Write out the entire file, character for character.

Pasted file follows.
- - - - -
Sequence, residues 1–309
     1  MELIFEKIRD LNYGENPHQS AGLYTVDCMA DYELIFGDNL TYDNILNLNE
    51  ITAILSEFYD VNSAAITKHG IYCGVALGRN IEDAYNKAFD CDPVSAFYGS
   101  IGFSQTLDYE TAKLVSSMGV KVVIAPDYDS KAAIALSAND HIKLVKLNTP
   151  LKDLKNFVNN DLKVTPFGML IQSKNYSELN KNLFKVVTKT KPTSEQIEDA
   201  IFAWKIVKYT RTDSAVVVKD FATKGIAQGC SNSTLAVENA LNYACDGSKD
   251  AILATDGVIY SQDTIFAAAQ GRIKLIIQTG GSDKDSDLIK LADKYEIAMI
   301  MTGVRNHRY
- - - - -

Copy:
Sequence, residues 1–309
     1  MELIFEKIRD LNYGENPHQS AGLYTVDCMA DYELIFGDNL TYDNILNLNE
    51  ITAILSEFYD VNSAAITKHG IYCGVALGRN IEDAYNKAFD CDPVSAFYGS
   101  IGFSQTLDYE TAKLVSSMGV KVVIAPDYDS KAAIALSAND HIKLVKLNTP
   151  LKDLKNFVNN DLKVTPFGML IQSKNYSELN KNLFKVVTKT KPTSEQIEDA
   201  IFAWKIVKYT RTDSAVVVKD FATKGIAQGC SNSTLAVENA LNYACDGSKD
   251  AILATDGVIY SQDTIFAAAQ GRIKLIIQTG GSDKDSDLIK LADKYEIAMI
   301  MTGVRNHRY